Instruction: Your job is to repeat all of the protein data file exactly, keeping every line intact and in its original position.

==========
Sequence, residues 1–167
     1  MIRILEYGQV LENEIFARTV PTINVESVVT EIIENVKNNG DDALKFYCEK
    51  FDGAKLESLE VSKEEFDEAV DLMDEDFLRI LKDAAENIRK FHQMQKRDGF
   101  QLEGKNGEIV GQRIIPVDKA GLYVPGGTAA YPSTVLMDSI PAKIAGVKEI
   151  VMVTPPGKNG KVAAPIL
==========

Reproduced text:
Sequence, residues 1–167
     1  MIRILEYGQV LENEIFARTV PTINVESVVT EIIENVKNNG DDALKFYCEK
    51  FDGAKLESLE VSKEEFDEAV DLMDEDFLRI LKDAAENIRK FHQMQKRDGF
   101  QLEGKNGEIV GQRIIPVDKA GLYVPGGTAA YPSTVLMDSI PAKIAGVKEI
   151  VMVTPPGKNG KVAAPIL